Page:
It’s 20 June, the day before the longest – and what proves to be the hottest – day of the year, and Cafe Oto is boiling. If it were a person right now, it’d be of the lobster-coloured variety, lolling back on the beach with a pint and a hankie on their head.
As ticketholders drink and preen outside, NTS Radio are setting up their tech to stream the night’s gig on Facebook Live: headliner, Susan Dietrich Schneider – better known as San Francisco street musician turned astral guardian of lo-fi, The Space Lady.
All things considered, I contemplate heading out for a bag of ice, or possibly heading home to my laptop and tuning in in relative comfort, while opening six-piece Flowers Must Die setup their many instruments (the standard guitars, bass, drums and keys, but also a theremin and some other exciting twiddly bits).
Flowers Must Die are a Swedish group who play loud prog rock, as their instrumentation may suggest. I say loud – their set begins with rattly drums and quiet, East Asian-influenced guitar, that almost sounds like twangy Japanese instrument the shamisen.
All very expertly performed (the band have been playing together for over ten years) but when’s it gonna kick off? Well, somewhere midway through their set, vocalist/thereminist Lisa Ekelund starts howling, the bass deepens, the guitars go all disco, and Flowers Must Die expose their thrilling side.
‘Why?’ from full-length debut Kompost grinds away in satisfying psychedelic fashion. People who earlier fled the heat gasping start to filter back inside. By the time the keyboard player is hunched over, surrounded by a hail of sound, frantically turning knobs on an effects pedal with a microphone in his mouth, I’m hooked.
Hundreds begin to watch online as The Space Lady takes to the stage, enthusiastically introduced by her grandson Skyler Wright. I think back to when I saw The Space Lady in Brighton several years ago. (Her performance that night saw everyone in the village-like surroundings of West Hill Hall stood slack-jawed and mesmerised – aided by a light show from the brilliant Innerstrings, the whole show was a true Close Encounter.)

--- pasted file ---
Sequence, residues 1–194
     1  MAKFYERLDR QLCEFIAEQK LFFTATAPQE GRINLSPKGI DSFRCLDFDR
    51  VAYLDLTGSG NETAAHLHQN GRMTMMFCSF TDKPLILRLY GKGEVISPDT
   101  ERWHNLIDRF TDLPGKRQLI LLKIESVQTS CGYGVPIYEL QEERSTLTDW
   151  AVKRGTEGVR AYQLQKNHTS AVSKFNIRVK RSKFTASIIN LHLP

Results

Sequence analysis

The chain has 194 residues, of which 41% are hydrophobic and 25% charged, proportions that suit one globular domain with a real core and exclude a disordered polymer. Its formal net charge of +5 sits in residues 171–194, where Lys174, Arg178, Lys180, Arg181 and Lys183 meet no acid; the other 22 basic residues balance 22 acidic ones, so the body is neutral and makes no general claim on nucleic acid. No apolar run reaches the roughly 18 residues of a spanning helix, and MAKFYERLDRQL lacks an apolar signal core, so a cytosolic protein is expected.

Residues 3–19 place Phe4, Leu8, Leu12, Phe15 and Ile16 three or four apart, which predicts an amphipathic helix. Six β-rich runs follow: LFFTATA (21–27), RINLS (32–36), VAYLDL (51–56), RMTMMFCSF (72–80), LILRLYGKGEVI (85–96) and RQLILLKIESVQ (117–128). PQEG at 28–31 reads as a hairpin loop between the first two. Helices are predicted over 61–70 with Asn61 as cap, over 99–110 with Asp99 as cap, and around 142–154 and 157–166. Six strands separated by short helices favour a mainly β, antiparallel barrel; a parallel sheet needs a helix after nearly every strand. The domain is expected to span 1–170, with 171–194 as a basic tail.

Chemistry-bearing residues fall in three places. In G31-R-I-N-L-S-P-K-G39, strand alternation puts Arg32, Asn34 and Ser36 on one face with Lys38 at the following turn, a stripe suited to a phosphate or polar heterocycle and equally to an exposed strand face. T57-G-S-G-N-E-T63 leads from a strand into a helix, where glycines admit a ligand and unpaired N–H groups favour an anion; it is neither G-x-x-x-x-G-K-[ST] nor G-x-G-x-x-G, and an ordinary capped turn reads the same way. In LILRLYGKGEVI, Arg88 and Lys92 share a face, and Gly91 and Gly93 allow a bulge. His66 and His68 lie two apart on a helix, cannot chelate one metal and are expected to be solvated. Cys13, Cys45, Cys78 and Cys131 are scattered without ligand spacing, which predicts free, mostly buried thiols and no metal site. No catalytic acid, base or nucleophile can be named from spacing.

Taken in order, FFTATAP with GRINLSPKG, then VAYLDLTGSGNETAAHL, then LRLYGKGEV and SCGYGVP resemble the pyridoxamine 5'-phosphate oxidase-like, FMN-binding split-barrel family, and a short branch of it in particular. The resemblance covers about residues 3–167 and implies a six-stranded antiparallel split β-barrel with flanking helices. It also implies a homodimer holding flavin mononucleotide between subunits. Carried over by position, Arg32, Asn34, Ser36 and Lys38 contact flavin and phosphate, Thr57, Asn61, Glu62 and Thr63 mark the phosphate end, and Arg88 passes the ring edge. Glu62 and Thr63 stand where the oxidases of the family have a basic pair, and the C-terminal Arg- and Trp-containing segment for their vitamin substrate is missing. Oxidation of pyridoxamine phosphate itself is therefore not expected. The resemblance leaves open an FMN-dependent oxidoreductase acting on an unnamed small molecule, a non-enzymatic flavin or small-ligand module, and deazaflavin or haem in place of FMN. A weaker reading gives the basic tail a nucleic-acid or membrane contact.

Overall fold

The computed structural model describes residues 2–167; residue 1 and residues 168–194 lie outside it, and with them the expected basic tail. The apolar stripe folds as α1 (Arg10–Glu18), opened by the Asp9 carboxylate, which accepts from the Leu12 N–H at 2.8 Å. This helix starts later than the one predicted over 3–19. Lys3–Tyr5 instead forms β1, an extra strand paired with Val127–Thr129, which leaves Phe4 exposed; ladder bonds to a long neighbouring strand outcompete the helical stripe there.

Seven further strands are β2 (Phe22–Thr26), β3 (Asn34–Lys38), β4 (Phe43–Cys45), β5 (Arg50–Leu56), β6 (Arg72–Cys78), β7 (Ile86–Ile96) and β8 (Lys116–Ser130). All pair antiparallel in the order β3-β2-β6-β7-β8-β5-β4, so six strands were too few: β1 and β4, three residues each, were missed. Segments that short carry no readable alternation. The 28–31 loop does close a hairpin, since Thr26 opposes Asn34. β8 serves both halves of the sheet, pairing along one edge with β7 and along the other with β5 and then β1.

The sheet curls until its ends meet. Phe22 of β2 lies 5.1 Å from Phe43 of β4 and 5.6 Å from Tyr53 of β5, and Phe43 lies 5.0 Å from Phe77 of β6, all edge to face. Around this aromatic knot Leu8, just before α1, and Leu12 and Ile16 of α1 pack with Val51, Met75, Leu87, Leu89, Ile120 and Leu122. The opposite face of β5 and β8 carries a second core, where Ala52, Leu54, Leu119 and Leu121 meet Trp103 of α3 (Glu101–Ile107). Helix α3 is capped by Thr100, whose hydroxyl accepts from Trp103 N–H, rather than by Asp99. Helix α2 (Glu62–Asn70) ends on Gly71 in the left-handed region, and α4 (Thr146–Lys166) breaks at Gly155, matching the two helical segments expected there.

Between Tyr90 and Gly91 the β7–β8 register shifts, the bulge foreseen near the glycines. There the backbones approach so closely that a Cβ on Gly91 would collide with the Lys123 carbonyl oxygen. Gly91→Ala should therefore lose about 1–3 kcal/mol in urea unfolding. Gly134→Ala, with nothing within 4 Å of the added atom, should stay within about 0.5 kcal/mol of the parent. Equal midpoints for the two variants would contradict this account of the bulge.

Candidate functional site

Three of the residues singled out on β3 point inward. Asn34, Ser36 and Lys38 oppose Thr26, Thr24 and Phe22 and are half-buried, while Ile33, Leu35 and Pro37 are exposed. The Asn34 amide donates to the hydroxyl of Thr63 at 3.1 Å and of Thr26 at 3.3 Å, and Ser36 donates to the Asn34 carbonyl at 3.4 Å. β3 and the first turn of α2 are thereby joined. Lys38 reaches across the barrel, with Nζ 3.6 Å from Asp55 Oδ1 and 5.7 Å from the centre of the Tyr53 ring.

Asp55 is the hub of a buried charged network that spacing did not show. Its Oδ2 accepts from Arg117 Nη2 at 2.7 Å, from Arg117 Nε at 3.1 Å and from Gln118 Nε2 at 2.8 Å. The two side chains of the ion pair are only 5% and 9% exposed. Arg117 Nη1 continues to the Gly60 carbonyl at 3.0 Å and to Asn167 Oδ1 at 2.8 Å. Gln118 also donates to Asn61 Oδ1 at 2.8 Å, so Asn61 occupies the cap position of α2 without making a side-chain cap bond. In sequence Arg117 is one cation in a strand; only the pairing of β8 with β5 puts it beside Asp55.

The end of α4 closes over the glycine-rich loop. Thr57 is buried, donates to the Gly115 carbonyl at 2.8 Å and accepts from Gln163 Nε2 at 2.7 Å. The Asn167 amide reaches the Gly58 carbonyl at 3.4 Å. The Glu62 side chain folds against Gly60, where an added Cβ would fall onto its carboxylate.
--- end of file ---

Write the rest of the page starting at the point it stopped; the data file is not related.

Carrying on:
On that occasion, she was accompanied by her husband, the folk singer Eric Schneider, who sadly died last year. Joel Dunsany, former husband and music partner of 30 years, as well as writer of Space Lady signature tune ‘Synthesize Me’ and the one who gave her her now-trademark light-up winged helmet, has also passed on. So with all this loss to bear, and with Trump and everything else that Dietrich Schneider stands against as an original flower child, can she still shine?
The roasting crowd is happy to see The Space Lady, and she only boosts the seratonin by launching straight into her delicate reworking of ‘Strawberry Fields Forever’ by The Beatles. Arpeggios cascade from the Casiotone MT-40 she traded her accordion for in the early eighties, with her echoing voice – similar to Just Another Diamond Day artist Vashti Bunyan’s fragile-yet-pure tone – applied over the top.
Despite an attack on her voice by “alien pollen”, on she steams through her fuzzed out keyboard versions of an alternative American songbook – through her covers of ‘I Had Too Much To Dream Last Night’ by The Electric Prunes and Steppenwolf’s ‘Born To Be Wild’. A cowboy song (‘Ghost Riders in the Sky’, written by Stan Jones in the year of The Space Lady’s birth: 1948) is followed by an Amerindian song. “It’s only fair,” she explains.
When The Space Lady gets to her originally written tracks, the crowd are smitten beyond belief. The mass singalong of ‘Oh Brave New World’, a new song that The Space Lady strums on the guitar, might read to cynics as a little hokey or on the nose, but it doesn’t feel like any cynics are here – it’s too hot to be so hard-hearted, and it’s a sweet song.
The aforementioned classic ‘Synthesize Me’ brings the energy back up with its girl-group pop verses, and her version of ‘Major Tom’ by Peter Schilling continues this danceable section with its questing rhythm. A haunting rendition of John Lennon’s ‘Imagine’ spirits everyone back out into the the fresh air, as the gig ends.
The next day, looking back through the comments on the NTS stream – every single one positive, if you can believe such a thing can happen on the internet – I still conclude that, despite the heat and the opportunity for digital convenience, it was well worth coming to see The Space Lady in person, to witness the celestial magic she’ll always be able to weave with her old Casiotone MT-40. Those who haven’t heard The Space Lady should get acquainted with her Greatest Hits on Night School Records as a matter of urgency. Cosmic.
You can watch the gig in question here on the NTS Radio Live Facebook page.